Assembly head urges countries to overcome deadlock in UN disarmament body

General Assembly President Abdulaziz Al-Nasser addresses the Conference on Disarmament in Geneva. UN Photo/Violaine Martin

15 May 2012 – The President of the General Assembly today called on Member States to advance the work of the United Nations Conference on Disarmament (CD), stressing the need for greater efforts and flexibility to overcome the deadlock that has plagued the body for some time now.

“Indeed, the failure of the CD in making substantive progress for well over a decade has undoubtedly put the credibility of this crucially important body at a high risk,” Nassir Abdulaziz Al-Nasser said in his remarks to the opening of the second part of the Conference’s 2012 session in Geneva.

Established in 1979 and with a current membership of 65 countries, the CD primarily focuses on cessation of the nuclear arms race and nuclear disarmament, prevention of nuclear war, and prevention of an arms race in outer space, among other issues. It has been plagued in recent years by an inability to overcome differences among its members and start its substantive work towards advancing disarmament goals.

Over its history, the CD has produced landmark disarmament instruments such as the Treaty on the Non-Proliferation of Nuclear Weapons (NPT), the Chemical Weapons Convention and the Comprehensive Nuclear-Test-Ban Treaty (CTBT).

Mr. Al-Nasser noted that in resolutions adopted over the past couple of years, the Assembly has recognized that the political will to advance the disarmament agenda has been strengthened in recent years.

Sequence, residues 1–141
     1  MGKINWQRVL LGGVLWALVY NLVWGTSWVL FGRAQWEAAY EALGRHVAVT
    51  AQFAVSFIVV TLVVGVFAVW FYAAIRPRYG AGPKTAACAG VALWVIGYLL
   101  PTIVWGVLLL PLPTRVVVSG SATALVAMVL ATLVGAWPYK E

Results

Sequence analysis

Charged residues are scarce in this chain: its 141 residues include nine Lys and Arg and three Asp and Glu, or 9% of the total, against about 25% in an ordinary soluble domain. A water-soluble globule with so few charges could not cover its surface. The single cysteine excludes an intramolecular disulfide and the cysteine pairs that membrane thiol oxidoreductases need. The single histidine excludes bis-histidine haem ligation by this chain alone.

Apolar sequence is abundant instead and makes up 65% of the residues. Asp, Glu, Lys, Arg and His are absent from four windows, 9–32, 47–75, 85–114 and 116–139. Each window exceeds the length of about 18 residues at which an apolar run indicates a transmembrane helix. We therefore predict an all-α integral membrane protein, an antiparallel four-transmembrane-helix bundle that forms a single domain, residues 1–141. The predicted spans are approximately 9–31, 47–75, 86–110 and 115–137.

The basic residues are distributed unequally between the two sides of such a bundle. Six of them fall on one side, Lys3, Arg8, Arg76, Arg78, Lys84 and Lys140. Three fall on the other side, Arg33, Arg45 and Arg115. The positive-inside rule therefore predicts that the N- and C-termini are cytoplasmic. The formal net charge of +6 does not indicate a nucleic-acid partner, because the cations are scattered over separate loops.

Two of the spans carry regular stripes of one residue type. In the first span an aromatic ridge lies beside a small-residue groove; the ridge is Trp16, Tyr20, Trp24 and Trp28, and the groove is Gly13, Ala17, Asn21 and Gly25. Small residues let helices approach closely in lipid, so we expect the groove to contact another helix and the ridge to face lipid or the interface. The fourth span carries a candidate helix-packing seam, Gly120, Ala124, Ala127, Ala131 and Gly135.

“Yet, it has expressed grave concern about the current status of the disarmament machinery, including the lack of progress in the Conference on Disarmament, and stressed the need for greater efforts to advance multilateral disarmament negotiations,” he said.

The Assembly President cited important progress made in the last two years on bilateral, regional and multilateral levels, including the treaty concluded by the United States and Russia on the reduction and limitation of strategic offensive arms.

“These developments demonstrate progress and make a positive impact on the global security environment,” he said. “But it seems that this progress has been achieved in disconnect from the work done in the Conference on Disarmament.”

Mr. Al-Nasser warned that the continuation of the current deadlock has – and could very well continue to have – “worrying implications on the role, function and even the very future of the CD.

“The only way to avoid this is for the Conference to promptly take up its responsibility at this session through collective action. The future of the Conference on Disarmament is in its Member States’ hands,” he said.

Noting that the Conference already adopted a programme of work by consensus in 2009, Mr. Al-Nasser invited delegations to use that programme as “a least common denominator” for negotiations aimed at adopting a 2012 programme of work without delay.

“A number of very constructive proposals have been put forward and delegations should allow the President of the Conference to lead this effort in serious and inclusive consultations over a draft programme that is consensual, realistic and not necessarily ideal,” he said.

“The perfect has been the enemy of the good for too long,” he added. “Overcoming this obstacle in the CD will represent a very positive sign in putting the disarmament machinery back on track and bringing nuclear disarmament back on its agenda.”


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